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Bit Slice, or Bit-slice, Microprocessor

Bit-slice microprocessors are the Legos of microprocessors. In bit-slice microprocessors the MPU is split apart into CU and ALU chips. At first blush, this may seem to go against the rationale for using a MPU.  Splitting these functions apart into multiple increases complexity and expense. After all the MCU was built to shrink a computer and bit-slice seems to be expanding it. Actually it is and does, but there are some interesting advantages to the bit-slice approach.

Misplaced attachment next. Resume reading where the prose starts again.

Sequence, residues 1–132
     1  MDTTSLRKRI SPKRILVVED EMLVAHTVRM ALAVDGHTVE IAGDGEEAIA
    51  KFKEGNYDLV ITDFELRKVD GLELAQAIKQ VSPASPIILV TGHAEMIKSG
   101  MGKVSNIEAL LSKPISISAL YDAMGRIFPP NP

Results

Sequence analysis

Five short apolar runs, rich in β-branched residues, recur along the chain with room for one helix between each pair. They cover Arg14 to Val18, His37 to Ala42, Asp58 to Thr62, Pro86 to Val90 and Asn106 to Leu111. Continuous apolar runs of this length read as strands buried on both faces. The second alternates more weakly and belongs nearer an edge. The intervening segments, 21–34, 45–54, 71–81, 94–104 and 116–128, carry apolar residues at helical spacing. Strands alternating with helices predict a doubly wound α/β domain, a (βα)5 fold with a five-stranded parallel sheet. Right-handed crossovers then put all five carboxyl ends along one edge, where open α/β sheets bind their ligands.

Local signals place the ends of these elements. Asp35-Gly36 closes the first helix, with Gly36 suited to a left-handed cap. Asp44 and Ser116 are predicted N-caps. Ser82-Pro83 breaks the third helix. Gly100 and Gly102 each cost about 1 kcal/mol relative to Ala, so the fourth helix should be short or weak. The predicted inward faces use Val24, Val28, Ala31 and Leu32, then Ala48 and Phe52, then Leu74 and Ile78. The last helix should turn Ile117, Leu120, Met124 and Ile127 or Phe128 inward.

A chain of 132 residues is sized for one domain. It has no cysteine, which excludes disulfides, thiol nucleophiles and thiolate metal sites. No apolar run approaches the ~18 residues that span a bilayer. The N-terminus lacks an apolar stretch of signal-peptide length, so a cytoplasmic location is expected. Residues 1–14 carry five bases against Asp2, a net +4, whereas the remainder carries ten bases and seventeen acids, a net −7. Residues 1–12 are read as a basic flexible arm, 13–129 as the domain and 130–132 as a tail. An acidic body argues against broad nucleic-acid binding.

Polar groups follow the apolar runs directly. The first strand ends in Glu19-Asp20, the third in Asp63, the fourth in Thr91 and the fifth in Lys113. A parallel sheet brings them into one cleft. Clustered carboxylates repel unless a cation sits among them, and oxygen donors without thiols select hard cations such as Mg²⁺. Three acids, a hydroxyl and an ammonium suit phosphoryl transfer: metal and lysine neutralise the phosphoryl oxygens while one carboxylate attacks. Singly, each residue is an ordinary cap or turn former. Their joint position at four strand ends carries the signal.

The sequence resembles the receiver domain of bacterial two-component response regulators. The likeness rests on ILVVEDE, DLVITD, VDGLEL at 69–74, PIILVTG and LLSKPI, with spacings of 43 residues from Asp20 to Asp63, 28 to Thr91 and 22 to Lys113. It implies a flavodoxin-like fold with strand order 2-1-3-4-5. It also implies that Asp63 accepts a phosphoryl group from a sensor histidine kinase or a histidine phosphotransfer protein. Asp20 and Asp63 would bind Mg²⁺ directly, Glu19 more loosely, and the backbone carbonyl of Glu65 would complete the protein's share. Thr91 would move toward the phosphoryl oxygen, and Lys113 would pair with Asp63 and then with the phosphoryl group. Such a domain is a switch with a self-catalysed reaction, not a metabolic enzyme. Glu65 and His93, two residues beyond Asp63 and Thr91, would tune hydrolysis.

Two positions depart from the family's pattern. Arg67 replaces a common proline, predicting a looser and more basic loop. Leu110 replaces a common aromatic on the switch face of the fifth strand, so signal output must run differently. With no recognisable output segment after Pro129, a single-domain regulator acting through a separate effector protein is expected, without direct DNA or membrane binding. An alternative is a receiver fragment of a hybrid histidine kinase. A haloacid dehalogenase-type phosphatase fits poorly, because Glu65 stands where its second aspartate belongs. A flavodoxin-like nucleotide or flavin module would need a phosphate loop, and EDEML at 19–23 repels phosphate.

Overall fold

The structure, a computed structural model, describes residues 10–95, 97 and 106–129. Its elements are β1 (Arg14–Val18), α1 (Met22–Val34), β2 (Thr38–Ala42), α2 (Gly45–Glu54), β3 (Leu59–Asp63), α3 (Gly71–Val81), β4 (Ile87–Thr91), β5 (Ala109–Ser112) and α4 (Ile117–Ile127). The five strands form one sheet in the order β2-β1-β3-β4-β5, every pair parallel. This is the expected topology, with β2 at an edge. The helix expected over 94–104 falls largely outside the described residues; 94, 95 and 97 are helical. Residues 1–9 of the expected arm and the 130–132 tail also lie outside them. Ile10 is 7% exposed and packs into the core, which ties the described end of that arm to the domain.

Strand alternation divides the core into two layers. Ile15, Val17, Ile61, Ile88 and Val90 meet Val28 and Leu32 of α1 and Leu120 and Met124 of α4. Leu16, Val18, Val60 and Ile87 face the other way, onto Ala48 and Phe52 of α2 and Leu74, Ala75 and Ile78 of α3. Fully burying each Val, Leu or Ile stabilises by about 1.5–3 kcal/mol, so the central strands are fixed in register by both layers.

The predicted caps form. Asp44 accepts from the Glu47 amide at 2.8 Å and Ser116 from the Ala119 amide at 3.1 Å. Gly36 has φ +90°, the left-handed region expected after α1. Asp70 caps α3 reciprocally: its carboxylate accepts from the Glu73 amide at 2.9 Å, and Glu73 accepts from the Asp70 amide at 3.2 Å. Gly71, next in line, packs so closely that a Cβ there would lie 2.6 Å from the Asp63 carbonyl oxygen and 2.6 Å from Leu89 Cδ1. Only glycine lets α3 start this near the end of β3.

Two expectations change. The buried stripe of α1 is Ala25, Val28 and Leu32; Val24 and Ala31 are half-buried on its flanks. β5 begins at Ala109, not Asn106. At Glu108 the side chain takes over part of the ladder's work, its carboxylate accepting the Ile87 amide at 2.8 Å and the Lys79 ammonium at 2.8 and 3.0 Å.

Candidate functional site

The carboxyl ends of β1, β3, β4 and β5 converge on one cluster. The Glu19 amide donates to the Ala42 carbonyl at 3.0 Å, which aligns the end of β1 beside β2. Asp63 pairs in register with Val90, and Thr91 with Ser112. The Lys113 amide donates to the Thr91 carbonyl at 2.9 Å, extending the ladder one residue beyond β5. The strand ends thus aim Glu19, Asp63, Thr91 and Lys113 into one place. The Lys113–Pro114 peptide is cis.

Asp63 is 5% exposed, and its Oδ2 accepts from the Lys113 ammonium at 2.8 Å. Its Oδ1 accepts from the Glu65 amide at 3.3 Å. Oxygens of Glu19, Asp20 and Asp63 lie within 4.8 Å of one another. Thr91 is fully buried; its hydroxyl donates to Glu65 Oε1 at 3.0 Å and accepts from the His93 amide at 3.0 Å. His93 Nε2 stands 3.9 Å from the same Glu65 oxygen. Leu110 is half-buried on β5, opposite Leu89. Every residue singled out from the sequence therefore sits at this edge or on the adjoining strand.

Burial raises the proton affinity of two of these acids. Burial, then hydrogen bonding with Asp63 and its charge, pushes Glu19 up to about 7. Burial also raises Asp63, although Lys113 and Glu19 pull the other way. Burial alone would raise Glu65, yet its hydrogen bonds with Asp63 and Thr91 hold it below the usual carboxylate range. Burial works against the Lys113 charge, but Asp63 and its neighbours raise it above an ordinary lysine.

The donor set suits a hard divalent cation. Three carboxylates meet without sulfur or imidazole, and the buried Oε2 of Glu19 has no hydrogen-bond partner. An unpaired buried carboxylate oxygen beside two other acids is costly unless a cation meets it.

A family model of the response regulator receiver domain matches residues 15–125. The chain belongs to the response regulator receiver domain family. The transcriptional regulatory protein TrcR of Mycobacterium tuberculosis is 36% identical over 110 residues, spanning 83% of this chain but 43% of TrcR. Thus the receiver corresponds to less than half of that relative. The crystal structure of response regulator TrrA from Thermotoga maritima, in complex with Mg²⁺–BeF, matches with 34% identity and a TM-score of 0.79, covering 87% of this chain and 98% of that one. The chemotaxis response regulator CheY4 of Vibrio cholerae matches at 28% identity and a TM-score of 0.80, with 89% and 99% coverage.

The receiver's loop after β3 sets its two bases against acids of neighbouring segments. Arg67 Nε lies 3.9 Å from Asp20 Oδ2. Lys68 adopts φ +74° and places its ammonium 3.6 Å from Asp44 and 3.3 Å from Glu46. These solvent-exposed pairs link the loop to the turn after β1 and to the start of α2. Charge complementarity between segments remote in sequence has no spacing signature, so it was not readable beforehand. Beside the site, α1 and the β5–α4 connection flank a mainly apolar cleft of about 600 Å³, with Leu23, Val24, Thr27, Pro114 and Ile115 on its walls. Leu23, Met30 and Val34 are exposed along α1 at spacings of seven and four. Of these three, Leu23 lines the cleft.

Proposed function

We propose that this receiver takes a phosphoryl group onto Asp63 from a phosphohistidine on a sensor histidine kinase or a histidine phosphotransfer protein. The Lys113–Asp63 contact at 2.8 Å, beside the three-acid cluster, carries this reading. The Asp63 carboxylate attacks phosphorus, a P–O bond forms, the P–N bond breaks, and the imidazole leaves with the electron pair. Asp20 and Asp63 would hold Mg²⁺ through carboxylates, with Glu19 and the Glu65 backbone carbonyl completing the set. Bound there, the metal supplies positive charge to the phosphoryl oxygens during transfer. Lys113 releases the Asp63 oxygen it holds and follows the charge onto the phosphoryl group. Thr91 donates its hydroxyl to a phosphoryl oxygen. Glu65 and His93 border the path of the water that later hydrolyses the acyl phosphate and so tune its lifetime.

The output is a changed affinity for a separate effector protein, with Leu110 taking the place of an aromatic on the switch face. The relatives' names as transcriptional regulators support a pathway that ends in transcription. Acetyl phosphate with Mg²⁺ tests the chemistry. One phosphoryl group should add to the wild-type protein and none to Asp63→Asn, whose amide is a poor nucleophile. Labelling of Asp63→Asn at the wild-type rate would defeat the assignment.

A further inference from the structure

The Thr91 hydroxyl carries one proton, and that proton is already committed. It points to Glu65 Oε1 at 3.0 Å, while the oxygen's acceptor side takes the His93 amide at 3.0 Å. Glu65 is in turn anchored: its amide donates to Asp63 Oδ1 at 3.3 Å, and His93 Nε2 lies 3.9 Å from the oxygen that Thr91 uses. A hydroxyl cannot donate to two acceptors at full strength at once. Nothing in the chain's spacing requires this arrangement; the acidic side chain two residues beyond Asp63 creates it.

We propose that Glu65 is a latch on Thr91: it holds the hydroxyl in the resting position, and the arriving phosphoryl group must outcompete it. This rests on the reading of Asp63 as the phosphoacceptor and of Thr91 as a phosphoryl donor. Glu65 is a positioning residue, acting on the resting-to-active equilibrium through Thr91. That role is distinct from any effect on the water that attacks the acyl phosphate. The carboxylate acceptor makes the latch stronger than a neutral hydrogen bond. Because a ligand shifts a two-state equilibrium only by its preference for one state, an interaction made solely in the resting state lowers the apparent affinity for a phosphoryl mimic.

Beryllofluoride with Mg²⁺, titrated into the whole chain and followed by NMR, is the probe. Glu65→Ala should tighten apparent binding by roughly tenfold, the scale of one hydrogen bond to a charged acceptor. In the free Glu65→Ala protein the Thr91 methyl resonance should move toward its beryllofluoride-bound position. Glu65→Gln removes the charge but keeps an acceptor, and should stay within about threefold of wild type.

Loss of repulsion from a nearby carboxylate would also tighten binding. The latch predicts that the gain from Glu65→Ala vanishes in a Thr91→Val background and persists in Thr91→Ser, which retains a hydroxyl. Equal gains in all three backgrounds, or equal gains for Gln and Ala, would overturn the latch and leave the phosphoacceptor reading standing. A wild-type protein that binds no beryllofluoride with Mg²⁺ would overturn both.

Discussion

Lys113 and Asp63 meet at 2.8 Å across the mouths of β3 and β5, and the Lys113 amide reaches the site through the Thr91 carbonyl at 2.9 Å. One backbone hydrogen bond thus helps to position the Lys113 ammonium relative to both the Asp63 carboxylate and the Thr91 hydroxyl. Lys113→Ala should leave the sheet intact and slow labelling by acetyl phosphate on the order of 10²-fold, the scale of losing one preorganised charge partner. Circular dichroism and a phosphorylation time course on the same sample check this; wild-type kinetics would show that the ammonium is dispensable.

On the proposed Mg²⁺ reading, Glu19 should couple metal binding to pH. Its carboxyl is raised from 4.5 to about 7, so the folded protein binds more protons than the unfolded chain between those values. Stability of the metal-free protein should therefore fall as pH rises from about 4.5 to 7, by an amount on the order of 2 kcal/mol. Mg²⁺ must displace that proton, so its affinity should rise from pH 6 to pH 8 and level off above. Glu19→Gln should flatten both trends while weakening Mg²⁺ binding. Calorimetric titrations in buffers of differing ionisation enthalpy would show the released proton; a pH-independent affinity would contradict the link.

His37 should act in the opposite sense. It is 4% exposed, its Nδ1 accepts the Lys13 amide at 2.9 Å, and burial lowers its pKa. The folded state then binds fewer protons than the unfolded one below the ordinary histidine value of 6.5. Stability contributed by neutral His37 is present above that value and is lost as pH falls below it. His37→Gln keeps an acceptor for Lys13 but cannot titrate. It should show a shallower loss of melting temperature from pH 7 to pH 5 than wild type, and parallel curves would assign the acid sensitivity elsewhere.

The bit-slice microprocessor design has three very significant advantages. The first is that the ALU’s can be attached together in horizontal configurations to create computers that can handle very large chunks of data at a time. An example of a bit-slice processor is the AMD 2901. With the AMD 2901 bit-slice, the 2901 is the ALU, the AMD 2910 is the CU. The 2901 was a peer of the Intel 8080, but the 8080 could only handle 8-bits of data at time. The 2901 was a 4-bit ALU, but 4 2901’s could be linked together to create a computer that could handle 16-bits at a time, 8 could be put together to create a 32-bit computer and so on. Whereas the 8080 would have to use multiple cycles to process 16 or 32 bits, the appropriate 2901 configuration could handle it in a single cycle giving such a computer significantly more power than the 8080. The second, advantage of the Bit-slice design is the fact that the two chip design allowed the chips to use bipolar chip technology (example: the Intel 3002). Bipolar is very fast, but consumes lots of power and dissipates lots of heat. Because of the heat dissipation problem, bipolar chips could not be as dense (in number of transistors per area) as the PMOS or NMOS chips. It was not possible to build single-chip CPU’s using bipolar technology. So, in addition to the wider data paths the bit-slice devices could achieve, they were inherently faster due the bipolar technology that was employed to build the chips. The third advantage the bit-slices had was the ability to allow users to create their own instruction sets for their applications. Instructions sets could be created to emulate, or enhance, existing processors such as the 6502 or 8080, or to create a unique instruction set specially adapted to maximize performance of a specific application. The combination of the speed and flexibility of bit-slice devices made the very popular and created a cult-like following, especially for the AMD 2901.